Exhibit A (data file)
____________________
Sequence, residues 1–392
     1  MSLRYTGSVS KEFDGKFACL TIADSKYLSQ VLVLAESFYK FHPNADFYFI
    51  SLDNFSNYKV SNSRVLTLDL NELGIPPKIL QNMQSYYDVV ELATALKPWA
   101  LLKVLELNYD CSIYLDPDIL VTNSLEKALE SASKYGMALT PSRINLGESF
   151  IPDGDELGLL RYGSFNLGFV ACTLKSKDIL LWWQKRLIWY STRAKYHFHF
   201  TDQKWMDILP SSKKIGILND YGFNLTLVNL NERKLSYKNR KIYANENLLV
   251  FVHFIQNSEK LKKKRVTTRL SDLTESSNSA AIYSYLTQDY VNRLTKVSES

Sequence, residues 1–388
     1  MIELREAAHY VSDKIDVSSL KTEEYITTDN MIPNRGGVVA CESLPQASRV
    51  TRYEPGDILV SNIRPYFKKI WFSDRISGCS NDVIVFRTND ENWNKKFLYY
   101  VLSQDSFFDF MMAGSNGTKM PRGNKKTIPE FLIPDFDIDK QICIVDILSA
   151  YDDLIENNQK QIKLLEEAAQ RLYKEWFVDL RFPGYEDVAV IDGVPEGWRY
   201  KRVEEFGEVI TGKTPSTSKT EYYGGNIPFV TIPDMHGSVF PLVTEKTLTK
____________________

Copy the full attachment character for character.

Sequence, residues 1–392
     1  MSLRYTGSVS KEFDGKFACL TIADSKYLSQ VLVLAESFYK FHPNADFYFI
    51  SLDNFSNYKV SNSRVLTLDL NELGIPPKIL QNMQSYYDVV ELATALKPWA
   101  LLKVLELNYD CSIYLDPDIL VTNSLEKALE SASKYGMALT PSRINLGESF
   151  IPDGDELGLL RYGSFNLGFV ACTLKSKDIL LWWQKRLIWY STRAKYHFHF
   201  TDQKWMDILP SSKKIGILND YGFNLTLVNL NERKLSYKNR KIYANENLLV
   251  FVHFIQNSEK LKKKRVTTRL SDLTESSNSA AIYSYLTQDY VNRLTKVSES

Sequence, residues 1–388
     1  MIELREAAHY VSDKIDVSSL KTEEYITTDN MIPNRGGVVA CESLPQASRV
    51  TRYEPGDILV SNIRPYFKKI WFSDRISGCS NDVIVFRTND ENWNKKFLYY
   101  VLSQDSFFDF MMAGSNGTKM PRGNKKTIPE FLIPDFDIDK QICIVDILSA
   151  YDDLIENNQK QIKLLEEAAQ RLYKEWFVDL RFPGYEDVAV IDGVPEGWRY
   201  KRVEEFGEVI TGKTPSTSKT EYYGGNIPFV TIPDMHGSVF PLVTEKTLTK